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The Geological Society of America, Inc.
Formation1888; 136 years ago (1888)
TypeScientific society
Legal statusNon-profit 501(c)(3)
HeadquartersBoulder, Colorado, United States
Coordinates40°02′14.1″N 105°14′59.8″W / 40.037250°N 105.249944°W / 40.037250; -105.249944
Region served

The Geological Society of America (GSA)[a] is a nonprofit organization dedicated to the advancement of the geosciences.

The Geological Society of America building in Boulder, Colorado, U.S., from above, c. 2013
Geological field excursion to Harpers Ferry, West Virginia, April 30, 1897, following the George Huntington Williams Memorial Lectures delivered by Sir Archibald Geikie at Johns Hopkins University. The photograph was taken by Joseph S. Diller at Jefferson Rock, above Harpers Ferry. Individuals in photo include (starting at top): Cleophas C. O'Harra, Sir Archibald Geikie, Frederick H. Newell, Henry B. Kümmel, George Burbank Shattuck, Rollin D. Salisbury, Arthur Clifford Veatch, Louis Marcus Prindle, Harry F. Reid, Charles R. Van Hise, Cleveland Abbe, Jr., George Willis Stose, Thomas Leonard Watson, Edward Vincent D'Invilliers, Clarence Wilbur Dorsey, Frederick J.H. Merrill, Louis A. Bauer, Arthur Coe Spencer, William J. McGee, William B. Clark, Rufus Mather Bagg, Frank Hall Knowlton, Robert T. Hill, Heinrich Ries, Frank D. Adams, Arthur P. Coleman, Timothy William Stanton, Oliver L. Fassig, Samuel F. Emmons, George F. Becker, Albert Berthold Hoen, George O. Smith, James F. Kemp, Bailey Willis, David White, Edward Bennett Mathews, Charles D. Walcott, John W. Powell, Joseph Stanley-Brown, Joseph Austin Holmes, Charles Willard Hayes, Leonidas Chalmers Glenn, Henry S. Williams.



The society was founded in Ithaca, New York, in 1888 by Alexander Winchell, John J. Stevenson, Charles H. Hitchcock, John R. Procter and Edward Orton[1] and has been headquartered at 3300 Penrose Place, Boulder, Colorado, US, since 1967.[2]

GSA began with 100 members under its first president, James Hall. In 1889 Mary Emilie Holmes became its first female member.[3] It grew slowly but steadily to 600 members until 1931, when a nearly $4 million endowment from 1930 president R. A. F. Penrose Jr. jumpstarted GSA's growth. As of December 2017, GSA had more than 25,000 members in over 100 countries.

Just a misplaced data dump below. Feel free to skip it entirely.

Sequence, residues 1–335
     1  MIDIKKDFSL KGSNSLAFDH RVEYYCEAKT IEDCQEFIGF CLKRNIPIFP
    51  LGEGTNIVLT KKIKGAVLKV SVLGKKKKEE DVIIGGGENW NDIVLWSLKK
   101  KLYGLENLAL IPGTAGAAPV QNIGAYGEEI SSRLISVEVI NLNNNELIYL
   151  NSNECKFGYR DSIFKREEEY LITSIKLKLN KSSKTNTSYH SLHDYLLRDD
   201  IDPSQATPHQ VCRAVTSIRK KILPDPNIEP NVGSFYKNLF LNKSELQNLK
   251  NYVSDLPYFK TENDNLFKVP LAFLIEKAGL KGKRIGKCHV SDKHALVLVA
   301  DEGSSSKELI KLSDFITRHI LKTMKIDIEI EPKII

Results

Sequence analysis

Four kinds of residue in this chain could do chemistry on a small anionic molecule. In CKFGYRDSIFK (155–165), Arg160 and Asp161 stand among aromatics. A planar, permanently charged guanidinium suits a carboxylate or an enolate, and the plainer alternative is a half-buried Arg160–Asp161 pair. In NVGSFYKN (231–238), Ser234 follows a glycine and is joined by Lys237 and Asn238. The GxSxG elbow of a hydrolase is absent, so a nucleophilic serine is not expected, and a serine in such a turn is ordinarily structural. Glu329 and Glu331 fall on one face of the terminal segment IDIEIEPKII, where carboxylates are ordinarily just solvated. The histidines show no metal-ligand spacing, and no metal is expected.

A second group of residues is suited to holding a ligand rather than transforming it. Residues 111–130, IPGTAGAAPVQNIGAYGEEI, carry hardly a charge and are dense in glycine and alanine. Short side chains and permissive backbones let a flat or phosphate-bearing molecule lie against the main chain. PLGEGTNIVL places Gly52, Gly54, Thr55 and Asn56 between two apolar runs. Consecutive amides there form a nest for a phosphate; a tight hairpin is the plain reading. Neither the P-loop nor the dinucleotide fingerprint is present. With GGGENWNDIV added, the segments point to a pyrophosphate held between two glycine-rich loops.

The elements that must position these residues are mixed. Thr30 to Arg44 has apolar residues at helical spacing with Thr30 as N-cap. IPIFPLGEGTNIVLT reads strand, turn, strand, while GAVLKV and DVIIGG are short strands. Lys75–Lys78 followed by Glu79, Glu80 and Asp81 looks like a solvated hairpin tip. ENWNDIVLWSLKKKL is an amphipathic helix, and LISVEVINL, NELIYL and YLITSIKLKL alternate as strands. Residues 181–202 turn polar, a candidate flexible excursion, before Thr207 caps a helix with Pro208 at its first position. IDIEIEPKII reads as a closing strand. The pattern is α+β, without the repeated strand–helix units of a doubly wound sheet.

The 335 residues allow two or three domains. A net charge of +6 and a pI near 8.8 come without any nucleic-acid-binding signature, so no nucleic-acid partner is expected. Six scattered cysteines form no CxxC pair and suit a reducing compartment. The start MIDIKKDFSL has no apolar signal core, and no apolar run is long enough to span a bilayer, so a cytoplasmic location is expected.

The society has six regional sections in North America, three interdisciplinary interest groups, and eighteen specialty divisions.[4]



The stated mission of GSA is "to advance geoscience research and discovery, service to society, stewardship of Earth, and the geosciences profession". Its main activities are sponsoring scientific meetings and publishing scientific literature, particularly the peer-reviewed journals Geological Society of America Bulletin, published continuously since 1889, and Geology, published since 1973. In 2005, GSA introduced its online-only journal Geosphere, and in February 2009, GSA began publishing Lithosphere (both also peer-reviewed). Geosphere and Lithosphere are open access as of 2018. GSA's monthly news and science magazine, GSA Today,[5] is also open access online. GSA also publishes three book series: Special Papers, Memoirs, and Field Guides.[6] A third major activity is awarding research grants to graduate students.[7]

Position statements


GSA issues Position Statements "in support of and consistent with the GSA's Vision and Mission to develop consensus on significant professional, technical, and societal issues of relevance to the geosciences community. Position Statements, developed and adopted through a well-defined process, provide the basis for statements made on behalf of the GSA before government bodies and agencies and communicated to the media and the general public."[8]

For example, in 2006, the GSA adopted a Position Statement on Global Climate Change:

The Geological Society of America (GSA) supports the scientific conclusions that Earth's climate is changing; the climate changes are due in part to human activities; and the probable consequences of the climate changes will be significant and blind to geopolitical boundaries. Furthermore, the potential implications of global climate change and the time scale over which such changes will likely occur require active, effective, long-term planning.
Current predictions of the consequences of global climate change include: (1) rising sea level, (2) significant alteration of global and regional climatic patterns with an impact on water availability, (3) fundamental changes in global temperature distribution, (4) melting of polar ice, and (5) major changes in the distribution of plant and animal species. While the precise magnitude and rate of climate change cannot be predicted with absolute certainty, significant change will affect the planet and stress its inhabitants.[9]

Past presidents


Past presidents of the Geological Society of America:[10]

See also



  1. ^ In full: The Geological Society of America, Inc.


  1. ^ Editor (August 26, 1938) "The Semi-Centennial Meeting of the Geological Society of America" Science (New Series) 88(2278): p. 183
  2. ^ Eckel, Edwin, 1982, GSA Memoir 155, The Geological Society of America — Life History of a Learned Society, p. 79, ISBN 0-8137-1155-X
  3. ^ Edwin Butt Eckel (1982). The Geological Society of America: Life History of a Learned Society. Geological Society of America. p. 36. ISBN 978-0-8137-1155-3.
  4. ^ Editor, 2017, GSA Divisions: GSA Today, v. 27, no. 8, p. 21–24.
  5. ^ "GSA Today". GSA Today. ISSN 1052-5173.
  6. ^ "GSA Books - Process".
  7. ^ Eckel, Edwin, 1982, GSA Memoir 155, The Geological Society of America — Life History of a Learned Society, p. 121, ISBN 0-8137-1155-X.
  8. ^ GSA Position Statements
  9. ^ Global Climate Change
  10. ^ "GSA Leaders, Past & Present". Retrieved December 29, 2018.